Life is so beautiful. Life is so hard. Kate Bowler
I grew up on quotes and motivational sayings. Not the cotton candy kind that leave you with a sugar hangover but the kind that encourage strength and striving while acknowledging how difficult life can be. Their overarching message was that while there will be stumbles, roadblocks, unfairness, sadness and heartache, life will even out in the end.
There is no loss out of which some gain does not come.
Living well is the best revenge.
This too shall pass.
Time heals all wounds.
Everything will look better in the morning.
Life never gives you more than you can handle.
What doesn’t kill you makes you stronger.
And for a long time, these platitudes helped. With a painful breakup, an abusive boss, a vengeful client, a dream job I couldn’t accept, a project I wasn’t chosen for. They inspired resilience, determination and a belief that better days were coming. They helped me believe that I had control over my life, and that there was nothing that could happen that I couldn’t fix, change or improve.
Once Jimmy died, the platitudes became a painful reminder of all that had forever changed and could never be made right again. They stopped helping and only added to my sadness. Whatever gain might come from my loss, the price is too high. The longing for my son isn’t going to pass. This wound isn’t going to heal. Jimmy’s death isn’t going to look better in the morning. And no amount of living well will ever make any of this okay.
Platitudes offer a silver lining and a focus on a future that promises to be better than the present. They are about fixing, putting a better face on it, bucking up, letting it go, shaking it off, moving on, getting over it. And they come with a not so subtle message that if you can’t or won’t do these things, there’s something lacking in you.
When faced with an irrevocable loss, what makes space for the grief, the sadness and ultimately, some degree of healing, is truth. Life is hard. Life is unfair. Grief is painful. What’s happened cannot be fixed but it can be borne. We have to sit with the pain of what’s happened before we can find a way forward. We can’t change what we said or did or what we failed to say or do. We can only come to accept that we did our best in the midst of a terrible situation. It’s a state of helplessness that those of us who believe in platitudes aren’t used to. As humans, we like to think that we have control over what happens to us, and thus, an ability to change or improve it.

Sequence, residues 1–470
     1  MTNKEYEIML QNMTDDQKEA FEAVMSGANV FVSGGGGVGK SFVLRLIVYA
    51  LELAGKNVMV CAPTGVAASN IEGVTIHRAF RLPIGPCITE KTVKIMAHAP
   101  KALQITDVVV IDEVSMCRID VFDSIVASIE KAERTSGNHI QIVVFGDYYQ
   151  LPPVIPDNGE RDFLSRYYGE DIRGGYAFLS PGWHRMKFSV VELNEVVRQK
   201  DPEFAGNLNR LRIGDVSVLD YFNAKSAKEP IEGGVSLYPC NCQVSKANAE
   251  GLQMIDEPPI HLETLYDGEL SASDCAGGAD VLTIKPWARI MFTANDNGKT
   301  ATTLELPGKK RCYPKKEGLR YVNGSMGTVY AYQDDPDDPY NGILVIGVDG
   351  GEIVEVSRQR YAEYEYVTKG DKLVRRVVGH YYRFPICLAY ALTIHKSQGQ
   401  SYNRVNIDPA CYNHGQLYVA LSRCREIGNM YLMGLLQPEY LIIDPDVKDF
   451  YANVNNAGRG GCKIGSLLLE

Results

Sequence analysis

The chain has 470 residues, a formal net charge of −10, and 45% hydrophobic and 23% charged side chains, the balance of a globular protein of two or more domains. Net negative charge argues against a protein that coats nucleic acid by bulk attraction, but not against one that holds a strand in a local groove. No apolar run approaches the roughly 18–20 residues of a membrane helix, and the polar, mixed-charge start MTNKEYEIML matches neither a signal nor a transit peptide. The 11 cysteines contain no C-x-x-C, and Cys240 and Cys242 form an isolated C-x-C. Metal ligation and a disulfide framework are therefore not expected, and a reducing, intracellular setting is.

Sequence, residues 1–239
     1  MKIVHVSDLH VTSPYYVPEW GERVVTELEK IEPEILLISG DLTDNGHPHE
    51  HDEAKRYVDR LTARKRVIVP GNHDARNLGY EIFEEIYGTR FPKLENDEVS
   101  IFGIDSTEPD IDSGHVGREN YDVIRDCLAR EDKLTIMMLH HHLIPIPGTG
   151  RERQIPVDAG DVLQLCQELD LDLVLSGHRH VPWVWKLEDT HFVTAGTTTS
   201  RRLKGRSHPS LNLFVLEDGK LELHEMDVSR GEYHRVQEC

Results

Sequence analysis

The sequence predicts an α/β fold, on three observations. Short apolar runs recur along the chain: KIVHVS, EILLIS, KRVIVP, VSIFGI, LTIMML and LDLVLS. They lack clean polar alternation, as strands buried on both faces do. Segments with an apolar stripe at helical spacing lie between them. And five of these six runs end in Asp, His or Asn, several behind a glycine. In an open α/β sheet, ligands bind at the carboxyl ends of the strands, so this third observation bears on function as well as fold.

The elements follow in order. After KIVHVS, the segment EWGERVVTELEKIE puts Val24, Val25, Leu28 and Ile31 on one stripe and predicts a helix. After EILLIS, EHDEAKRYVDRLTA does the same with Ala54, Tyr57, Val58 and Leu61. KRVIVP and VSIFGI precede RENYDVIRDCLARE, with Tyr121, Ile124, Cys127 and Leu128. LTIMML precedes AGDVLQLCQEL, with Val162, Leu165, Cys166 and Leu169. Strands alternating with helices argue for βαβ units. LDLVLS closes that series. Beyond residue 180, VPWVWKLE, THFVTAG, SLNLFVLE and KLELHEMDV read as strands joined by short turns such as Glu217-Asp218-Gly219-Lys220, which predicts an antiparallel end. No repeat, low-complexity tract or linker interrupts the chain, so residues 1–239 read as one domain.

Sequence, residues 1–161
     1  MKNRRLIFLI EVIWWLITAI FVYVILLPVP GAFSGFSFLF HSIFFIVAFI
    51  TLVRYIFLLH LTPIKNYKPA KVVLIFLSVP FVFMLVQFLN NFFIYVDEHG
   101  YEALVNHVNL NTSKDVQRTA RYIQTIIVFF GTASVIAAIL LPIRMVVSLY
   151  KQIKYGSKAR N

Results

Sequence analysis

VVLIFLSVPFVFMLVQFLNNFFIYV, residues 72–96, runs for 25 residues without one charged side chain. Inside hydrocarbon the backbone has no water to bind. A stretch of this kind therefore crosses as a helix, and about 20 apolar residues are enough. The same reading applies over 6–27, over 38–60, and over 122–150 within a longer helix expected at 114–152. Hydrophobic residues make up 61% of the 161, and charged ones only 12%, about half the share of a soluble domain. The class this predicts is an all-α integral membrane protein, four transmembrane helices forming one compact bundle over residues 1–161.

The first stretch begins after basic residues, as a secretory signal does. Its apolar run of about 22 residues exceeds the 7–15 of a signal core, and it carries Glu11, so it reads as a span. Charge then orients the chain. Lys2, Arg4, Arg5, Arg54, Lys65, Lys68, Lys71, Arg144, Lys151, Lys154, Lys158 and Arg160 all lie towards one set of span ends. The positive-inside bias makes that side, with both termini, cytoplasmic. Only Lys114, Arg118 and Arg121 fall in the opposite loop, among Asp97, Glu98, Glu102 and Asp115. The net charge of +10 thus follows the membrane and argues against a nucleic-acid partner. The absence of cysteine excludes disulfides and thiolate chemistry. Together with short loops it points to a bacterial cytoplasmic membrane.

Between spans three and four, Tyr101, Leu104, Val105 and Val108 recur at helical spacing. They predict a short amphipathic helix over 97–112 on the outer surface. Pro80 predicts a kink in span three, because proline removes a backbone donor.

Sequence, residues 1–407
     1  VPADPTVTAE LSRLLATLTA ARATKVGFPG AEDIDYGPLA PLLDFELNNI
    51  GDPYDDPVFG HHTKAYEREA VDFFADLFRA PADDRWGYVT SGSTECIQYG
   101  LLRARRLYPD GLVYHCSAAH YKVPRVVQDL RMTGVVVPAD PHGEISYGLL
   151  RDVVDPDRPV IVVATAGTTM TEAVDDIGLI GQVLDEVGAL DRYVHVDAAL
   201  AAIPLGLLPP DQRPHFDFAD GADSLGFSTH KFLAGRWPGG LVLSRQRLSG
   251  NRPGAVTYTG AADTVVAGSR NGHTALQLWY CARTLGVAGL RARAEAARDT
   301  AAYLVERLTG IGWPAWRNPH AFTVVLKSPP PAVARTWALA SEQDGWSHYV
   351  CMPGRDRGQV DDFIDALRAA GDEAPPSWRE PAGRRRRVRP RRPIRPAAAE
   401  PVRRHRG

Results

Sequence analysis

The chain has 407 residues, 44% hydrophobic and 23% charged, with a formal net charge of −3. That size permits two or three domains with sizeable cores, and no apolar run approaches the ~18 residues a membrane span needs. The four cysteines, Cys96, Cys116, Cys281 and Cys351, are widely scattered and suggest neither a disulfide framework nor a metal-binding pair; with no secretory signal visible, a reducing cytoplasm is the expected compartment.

What moves me forward now is what Barbara Kingsolver calls “the subterranean ebb and flow of being alive among the living”. Over time, the light and beauty have come flooding back into my world. I remind myself how desperately Jimmy wanted to live, the way he envied older people and the long lives they’d had. I cling hard to what’s true about what I have now. That I am still alive despite missing such an critical part of me. That Dan has walked this path with me, despite his own pain. That we have found ways to grieve separately and together but have never let go of each other. That Molly is healthy and thriving, holding Jimmy close and living her own life at the same time.
Now, instead of trusting platitudes, I try to remain open to the truths. That my pain will continue to ease. That I can still laugh, find joy, dance. That there is a way forward, carrying the pain and longing for my son with me. That over time, I can access the happier memories and remember all that we shared together. That doing so will be a way to keep his spirit alive even though he’s no longer here. That this fragile, beautiful life remains a gift for as long as I’m here to live it.